News ID: 262496
Published: 0400 GMT December 04, 2019

Zarif hails six European states' decision to join INSTEX

Zarif hails six European states' decision to join INSTEX
IRNA

Iranian Foreign Minister Mohammad Javad Zarif described as positive a recent decision by six European countries to join a trade mechanism designed to circumvent US sanctions against Iran, according to IRNA.

On Friday, Finland, Belgium, Denmark, Netherlands, Norway, and Sweden said in a statement that they would join the Instrument in Support of Trade Exchanges (INSTEX).

“In light of the continuous European support for the agreement and the ongoing efforts to implement the economic part of it and to facilitate legitimate trade between Europe and Iran, we are now in the process of becoming shareholders of the Instrument in Support of Trade Exchanges (INSTEX) subject to completion of national procedures,” the joint statement said.

The six EU member states joining the mechanism reiterated that they “attach the utmost importance to the preservation and full implementation of the Joint Comprehensive Plan of Action on Iran’s nuclear program by all parties involved”.

They also urged Iran to return to full compliance with the terms and provisions of the nuclear agreement.

INSTEX was born as the brainchild of France, Germany and the UK in January 2019. It was created as a special purpose vehicle to help EU companies do business with Iran and facilitate non-USD transactions to avoid breaking US sanctions against the country.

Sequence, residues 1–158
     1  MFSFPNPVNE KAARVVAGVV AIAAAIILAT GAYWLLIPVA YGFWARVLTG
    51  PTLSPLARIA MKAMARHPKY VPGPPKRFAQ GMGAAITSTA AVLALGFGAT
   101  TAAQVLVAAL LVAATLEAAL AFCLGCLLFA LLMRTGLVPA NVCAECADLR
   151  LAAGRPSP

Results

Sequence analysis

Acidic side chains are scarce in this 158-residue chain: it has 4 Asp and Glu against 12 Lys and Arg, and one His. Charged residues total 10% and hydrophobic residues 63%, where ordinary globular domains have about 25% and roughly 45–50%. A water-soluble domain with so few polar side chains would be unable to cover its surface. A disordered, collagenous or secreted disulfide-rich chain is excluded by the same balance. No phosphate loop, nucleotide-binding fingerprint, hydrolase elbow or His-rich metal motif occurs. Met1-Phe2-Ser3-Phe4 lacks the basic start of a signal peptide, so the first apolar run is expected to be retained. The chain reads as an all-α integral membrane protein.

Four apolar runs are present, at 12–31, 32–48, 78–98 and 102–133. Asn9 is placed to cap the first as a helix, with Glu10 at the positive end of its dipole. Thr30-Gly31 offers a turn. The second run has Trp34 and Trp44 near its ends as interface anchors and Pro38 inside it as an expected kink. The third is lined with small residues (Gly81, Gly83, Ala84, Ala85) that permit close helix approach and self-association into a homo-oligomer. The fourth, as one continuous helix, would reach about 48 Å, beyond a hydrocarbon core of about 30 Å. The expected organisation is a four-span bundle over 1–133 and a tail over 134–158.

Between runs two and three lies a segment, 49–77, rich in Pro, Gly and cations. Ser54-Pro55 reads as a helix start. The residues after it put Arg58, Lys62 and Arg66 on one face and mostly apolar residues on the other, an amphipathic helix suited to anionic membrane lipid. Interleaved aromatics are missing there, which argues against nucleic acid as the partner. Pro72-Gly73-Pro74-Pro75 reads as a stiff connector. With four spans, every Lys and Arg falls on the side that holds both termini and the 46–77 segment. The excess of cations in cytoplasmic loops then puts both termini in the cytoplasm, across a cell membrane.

The system was expected to circumvent the sanctions that the US began reimposing against Iran after leaving the nuclear deal with Iran, France, Britain, Russia, China and Germany.

Iran’s Deputy Foreign Minister Abbas Araqchi expressed hope that the recent decision by six European countries would lead to further operationalization of the European financial mechanism for Iranian trade.

Araqchi said that the fact that the Europeans are still serious about the INSTEX financial system and consider it as a mechanism to keep financial ties with Iran and bypass American sanctions, is valuable by itself.

The system came into force after Iran complained why the European countries did not keep up their trade with the country as the nuclear deal mandates them to, and instead bow under the US sanctions targeting the Islamic Republic.

In May, Iran initiated a set of countermeasures against Washington’s withdrawal from the nuclear agreement and the European deal partners’ failure to guarantee Tehran’s business interests under the agreement.

Iran says its reciprocal measures will be reversible as soon as Europe finds practical ways to shield the Iranian economy from unilateral US sanctions.

The European signatories have expressed vocal support for the deal, but failed to provide meaningful economic incentives as required under the nuclear agreement.

 

 

 

 

   
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